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Dev Cell. 2009 May;16(5):723-33. doi: 10.1016/j.devcel.2009.04.002.

Antagonism between GLD-2 binding partners controls gamete sex.

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Department of Biochemistry, University of Wisconsin-Madison, Madison, WI 53706, USA.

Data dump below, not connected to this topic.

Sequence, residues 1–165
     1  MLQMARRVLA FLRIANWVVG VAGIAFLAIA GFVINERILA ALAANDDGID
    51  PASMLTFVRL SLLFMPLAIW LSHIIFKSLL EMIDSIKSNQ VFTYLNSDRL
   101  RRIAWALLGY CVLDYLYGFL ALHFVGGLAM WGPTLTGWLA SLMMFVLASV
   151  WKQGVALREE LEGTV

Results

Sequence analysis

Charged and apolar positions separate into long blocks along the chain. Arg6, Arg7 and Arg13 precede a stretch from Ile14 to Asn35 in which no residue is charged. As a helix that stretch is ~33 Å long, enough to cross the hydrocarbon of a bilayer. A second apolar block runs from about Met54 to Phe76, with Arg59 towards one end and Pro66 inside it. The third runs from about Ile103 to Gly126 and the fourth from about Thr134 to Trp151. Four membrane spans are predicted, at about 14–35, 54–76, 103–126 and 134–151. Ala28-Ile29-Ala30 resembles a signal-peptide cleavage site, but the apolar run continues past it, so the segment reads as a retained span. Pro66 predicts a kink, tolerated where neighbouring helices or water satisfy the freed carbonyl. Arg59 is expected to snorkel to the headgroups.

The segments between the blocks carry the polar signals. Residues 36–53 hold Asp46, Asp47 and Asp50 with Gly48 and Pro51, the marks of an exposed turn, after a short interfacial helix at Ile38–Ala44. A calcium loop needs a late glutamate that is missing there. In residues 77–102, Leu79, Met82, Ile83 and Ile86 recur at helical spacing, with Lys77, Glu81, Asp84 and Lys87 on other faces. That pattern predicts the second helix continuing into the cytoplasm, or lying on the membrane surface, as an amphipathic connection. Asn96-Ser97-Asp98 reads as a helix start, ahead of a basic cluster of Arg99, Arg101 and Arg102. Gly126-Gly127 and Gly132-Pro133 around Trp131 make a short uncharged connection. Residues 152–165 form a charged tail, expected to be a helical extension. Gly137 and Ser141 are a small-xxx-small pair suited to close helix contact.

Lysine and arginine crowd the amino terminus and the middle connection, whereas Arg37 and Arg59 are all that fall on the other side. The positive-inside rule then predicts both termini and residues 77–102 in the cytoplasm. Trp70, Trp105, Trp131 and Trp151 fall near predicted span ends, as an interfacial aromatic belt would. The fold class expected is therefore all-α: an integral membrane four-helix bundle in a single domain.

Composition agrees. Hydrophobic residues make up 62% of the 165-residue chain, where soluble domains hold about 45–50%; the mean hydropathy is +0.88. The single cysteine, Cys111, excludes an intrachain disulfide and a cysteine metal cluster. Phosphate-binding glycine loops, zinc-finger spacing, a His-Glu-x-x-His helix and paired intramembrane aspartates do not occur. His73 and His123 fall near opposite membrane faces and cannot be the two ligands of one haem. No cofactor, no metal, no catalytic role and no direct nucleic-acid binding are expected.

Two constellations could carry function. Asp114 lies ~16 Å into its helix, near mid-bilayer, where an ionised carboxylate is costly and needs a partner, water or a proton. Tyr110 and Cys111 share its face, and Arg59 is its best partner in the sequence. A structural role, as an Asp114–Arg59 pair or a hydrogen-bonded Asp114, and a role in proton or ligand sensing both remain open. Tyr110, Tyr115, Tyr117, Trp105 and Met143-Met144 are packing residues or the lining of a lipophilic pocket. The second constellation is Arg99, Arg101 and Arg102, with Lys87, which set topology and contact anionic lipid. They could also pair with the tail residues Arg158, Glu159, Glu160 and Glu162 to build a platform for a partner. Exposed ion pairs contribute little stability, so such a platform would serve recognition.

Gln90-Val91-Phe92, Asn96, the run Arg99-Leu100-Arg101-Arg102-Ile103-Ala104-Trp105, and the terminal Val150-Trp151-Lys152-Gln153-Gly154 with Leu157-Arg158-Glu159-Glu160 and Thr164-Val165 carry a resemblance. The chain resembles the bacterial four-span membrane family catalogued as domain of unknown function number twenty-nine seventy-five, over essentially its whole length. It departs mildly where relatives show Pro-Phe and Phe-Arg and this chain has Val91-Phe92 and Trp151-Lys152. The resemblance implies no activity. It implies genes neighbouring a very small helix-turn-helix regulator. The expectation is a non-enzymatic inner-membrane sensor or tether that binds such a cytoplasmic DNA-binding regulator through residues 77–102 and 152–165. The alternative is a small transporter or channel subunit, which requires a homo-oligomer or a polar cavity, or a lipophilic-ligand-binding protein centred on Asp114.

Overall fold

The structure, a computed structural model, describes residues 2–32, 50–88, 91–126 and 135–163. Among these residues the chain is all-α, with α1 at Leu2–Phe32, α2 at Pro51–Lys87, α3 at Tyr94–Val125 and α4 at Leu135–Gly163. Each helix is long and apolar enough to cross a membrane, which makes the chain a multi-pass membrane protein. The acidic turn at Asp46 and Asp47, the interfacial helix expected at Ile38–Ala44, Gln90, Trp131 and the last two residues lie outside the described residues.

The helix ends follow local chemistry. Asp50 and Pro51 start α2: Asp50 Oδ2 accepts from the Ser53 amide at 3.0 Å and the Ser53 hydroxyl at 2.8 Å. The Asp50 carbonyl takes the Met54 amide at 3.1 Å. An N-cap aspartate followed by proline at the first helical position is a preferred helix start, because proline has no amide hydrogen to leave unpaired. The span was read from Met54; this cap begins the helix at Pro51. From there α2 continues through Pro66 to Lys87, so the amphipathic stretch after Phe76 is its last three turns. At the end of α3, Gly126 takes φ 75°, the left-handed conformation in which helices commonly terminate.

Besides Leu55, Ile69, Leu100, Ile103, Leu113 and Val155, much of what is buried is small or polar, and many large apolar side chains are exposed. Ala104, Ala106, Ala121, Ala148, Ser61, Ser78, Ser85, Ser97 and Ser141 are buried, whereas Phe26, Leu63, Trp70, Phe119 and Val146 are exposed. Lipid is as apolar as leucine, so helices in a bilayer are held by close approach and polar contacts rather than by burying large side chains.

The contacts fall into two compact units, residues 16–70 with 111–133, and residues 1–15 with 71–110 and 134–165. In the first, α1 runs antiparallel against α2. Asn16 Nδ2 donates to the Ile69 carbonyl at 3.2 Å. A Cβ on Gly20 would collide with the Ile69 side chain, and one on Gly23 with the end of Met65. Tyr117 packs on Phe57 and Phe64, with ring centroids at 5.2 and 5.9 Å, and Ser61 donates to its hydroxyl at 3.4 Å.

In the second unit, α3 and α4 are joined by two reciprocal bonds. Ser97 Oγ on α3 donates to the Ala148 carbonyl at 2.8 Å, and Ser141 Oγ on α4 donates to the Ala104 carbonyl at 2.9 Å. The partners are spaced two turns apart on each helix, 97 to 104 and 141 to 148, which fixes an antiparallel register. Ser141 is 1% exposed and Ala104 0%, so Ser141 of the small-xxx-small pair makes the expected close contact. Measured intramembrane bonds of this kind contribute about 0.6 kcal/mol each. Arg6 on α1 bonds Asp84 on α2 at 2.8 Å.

Cytoplasmic polyadenylation is a key mechanism of gene control. In Caenorhabditis elegans, GLD-2 and GLD-3 provide the catalytic and RNA-binding subunits, respectively, of a major cytoplasmic poly(A) polymerase (PAP). Here, we identify RNP-8 as a second GLD-2 partner. RNP-8 binds GLD-2 and stimulates GLD-2 activity to form a functional PAP, much like GLD-3. Moreover, GLD-2/RNP-8 and GLD-2/GLD-3 exist as separate complexes that form selectively during development, and RNP-8 and GLD-3 appear to have distinct RNA-binding specificities. Therefore, GLD-2 can form either of two discrete PAPs. In C. elegans hermaphrodites, gamete production begins with spermatogenesis and transitions later to oogenesis. We suggest that the combinatorial use of GLD-2 contributes to this transition, as GLD-2/GLD-3 promotes spermatogenesis, whereas GLD-2/RNP-8 specifies oogenesis. Indeed, RNP-8 and GLD-3 antagonize each other, as evidenced by genetic cosuppression and molecular competition for GLD-2 binding. We conclude that GLD-2 and its binding partners control gamete identity.

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